Women Journalists Train for Peacebuilding
This year, Isis International-Manila and Women Writers of Mindanao, Inc. (MinWow) teamed up to develop and conduct “Women Making Airwaves for Peace,” a five-day training program in three different cities in Mindanao, Philippines, namely, Cagayan de Oro, Zamboanga, and Cotabato.
The project aims to raise awareness and build on the capacities of community-based women journalists on how to effectively report on conflict and post-conflict areas using the lens of gender-based conflict transformation (a perspective that accommodates civilian conflict resolution and management methods that include women and children’s needs)
The first leg of the training, held last October 25-29, 2006 in Cagayan de Oro City, was attended by teachers, radio reporters, students, NGO workers, and activists. The message of the program was clear: women are not only at the receiving end of public policy in the South, rather, women have an active role in shaping policy. While MinWow is in charge of content development on peace, Isis-Manila shares its expertise in community radio production. “When we decided to work together, we talked of synergy (and) convergence,” said Lina Sagaral Reyes, project coordinator for MinWoW.
What “Women Making Airwaves for Peace” is all about
Women Making Airwaves for Peace is a collaborative project of Mindanao Women Writers, Inc (Min-Wow) — a community based alternative journalist organisation, and Isis-International Manila—an international feminist information and communication NGO. The project is envisaged to raise awareness and build on the capacities of community-based women journalists on how to effectively report on conflict and post-conflict areas using the lens of gender-based conflict transformation. The project looks at strengthening women’s participation in peace processes (and civil society in general), towards new definitions and notions of peace in social transformation.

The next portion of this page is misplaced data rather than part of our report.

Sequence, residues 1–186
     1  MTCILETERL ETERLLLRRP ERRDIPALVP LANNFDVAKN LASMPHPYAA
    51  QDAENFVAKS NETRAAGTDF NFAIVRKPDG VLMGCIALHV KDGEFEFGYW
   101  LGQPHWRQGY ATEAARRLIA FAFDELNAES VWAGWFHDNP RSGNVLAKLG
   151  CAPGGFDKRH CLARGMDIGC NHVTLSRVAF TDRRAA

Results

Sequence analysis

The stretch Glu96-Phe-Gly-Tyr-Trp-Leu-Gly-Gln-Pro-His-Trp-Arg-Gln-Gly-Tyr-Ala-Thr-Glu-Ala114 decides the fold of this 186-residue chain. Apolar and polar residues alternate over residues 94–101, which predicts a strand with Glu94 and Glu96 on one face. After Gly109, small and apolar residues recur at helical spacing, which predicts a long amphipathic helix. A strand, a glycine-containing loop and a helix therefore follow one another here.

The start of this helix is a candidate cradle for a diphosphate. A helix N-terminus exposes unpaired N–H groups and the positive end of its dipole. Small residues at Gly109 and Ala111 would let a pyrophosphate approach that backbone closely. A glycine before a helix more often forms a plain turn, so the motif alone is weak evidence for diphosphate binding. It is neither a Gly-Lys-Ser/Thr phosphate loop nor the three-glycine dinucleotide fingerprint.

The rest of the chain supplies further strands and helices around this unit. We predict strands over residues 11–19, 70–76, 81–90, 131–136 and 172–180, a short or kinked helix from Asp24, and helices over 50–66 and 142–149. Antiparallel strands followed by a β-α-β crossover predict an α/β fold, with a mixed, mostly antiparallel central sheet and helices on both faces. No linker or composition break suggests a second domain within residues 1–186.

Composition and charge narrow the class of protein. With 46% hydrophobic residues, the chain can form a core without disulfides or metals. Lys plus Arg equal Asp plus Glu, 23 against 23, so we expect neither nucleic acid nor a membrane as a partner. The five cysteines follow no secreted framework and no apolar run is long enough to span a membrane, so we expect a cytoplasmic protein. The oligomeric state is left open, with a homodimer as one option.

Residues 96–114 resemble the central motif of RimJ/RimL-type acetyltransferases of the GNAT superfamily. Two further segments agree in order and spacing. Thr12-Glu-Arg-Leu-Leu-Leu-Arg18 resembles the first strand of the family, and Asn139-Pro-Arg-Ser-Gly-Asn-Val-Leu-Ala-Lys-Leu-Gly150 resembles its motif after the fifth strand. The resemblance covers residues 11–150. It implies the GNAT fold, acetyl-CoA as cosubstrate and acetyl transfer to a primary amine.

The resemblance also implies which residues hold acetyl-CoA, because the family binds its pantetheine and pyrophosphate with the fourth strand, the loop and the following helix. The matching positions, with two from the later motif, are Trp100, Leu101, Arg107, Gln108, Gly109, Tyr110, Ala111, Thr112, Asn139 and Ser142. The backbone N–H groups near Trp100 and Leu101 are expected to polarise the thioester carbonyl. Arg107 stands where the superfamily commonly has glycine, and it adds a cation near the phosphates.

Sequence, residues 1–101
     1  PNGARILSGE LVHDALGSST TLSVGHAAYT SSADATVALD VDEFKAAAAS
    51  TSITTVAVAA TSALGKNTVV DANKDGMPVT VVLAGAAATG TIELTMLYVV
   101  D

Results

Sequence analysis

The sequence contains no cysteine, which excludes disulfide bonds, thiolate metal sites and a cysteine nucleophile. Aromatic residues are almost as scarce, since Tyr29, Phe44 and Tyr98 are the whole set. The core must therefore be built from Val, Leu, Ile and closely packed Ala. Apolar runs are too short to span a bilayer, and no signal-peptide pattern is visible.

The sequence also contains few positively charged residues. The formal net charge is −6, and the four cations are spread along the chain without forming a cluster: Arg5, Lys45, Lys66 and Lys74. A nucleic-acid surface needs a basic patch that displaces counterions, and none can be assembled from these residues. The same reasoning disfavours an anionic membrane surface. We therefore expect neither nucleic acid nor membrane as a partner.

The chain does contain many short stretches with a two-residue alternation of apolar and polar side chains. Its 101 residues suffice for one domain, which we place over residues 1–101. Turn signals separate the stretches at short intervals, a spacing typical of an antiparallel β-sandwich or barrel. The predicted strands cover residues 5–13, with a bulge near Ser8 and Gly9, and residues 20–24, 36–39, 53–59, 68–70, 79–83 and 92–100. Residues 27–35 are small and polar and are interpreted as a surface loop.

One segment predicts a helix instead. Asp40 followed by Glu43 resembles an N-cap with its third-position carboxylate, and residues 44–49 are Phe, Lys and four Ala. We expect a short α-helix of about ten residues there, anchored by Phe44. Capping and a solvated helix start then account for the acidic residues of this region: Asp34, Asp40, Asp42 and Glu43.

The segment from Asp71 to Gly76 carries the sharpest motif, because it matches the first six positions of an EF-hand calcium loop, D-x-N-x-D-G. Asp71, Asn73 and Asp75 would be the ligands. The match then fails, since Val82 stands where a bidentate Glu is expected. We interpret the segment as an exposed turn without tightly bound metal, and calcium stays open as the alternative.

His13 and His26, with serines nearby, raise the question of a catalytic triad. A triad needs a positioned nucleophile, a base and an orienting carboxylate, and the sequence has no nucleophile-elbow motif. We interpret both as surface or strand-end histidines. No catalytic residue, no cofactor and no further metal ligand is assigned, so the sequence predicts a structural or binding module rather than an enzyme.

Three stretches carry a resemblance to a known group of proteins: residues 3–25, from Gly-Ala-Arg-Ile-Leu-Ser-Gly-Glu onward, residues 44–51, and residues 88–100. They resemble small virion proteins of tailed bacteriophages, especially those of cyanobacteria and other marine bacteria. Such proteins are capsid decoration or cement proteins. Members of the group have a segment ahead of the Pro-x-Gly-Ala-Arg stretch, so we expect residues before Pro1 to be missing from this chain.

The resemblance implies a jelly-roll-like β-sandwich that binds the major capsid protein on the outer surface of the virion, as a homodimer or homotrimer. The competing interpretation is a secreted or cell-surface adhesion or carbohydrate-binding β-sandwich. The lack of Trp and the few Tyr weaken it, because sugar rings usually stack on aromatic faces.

In particular, this project seeks to:
i) evolve the reportage of peace efforts as news-worthy and promote responsible journalism that gives equal “billing” and attention to women;
ii) through skills training and the promotion of responsible journalism amongst community women media practitioners, usher in a situation where women’s participation in peace processes and civil society is empowered;
iii) train community-based journalists adequate skills on radio production that will facilitate the development of radio clips in the promotion of cultural diversity and a culture of peace; iv) introduce community radio as a medium with great potential in support of women’s empowerment especially in areas of conflict; and
v) explore women’s active participation and maximised utilisation of existing community radio stations and/or the creation of new women community radio stations as cooperative enterprises.
The need for training on peace journalism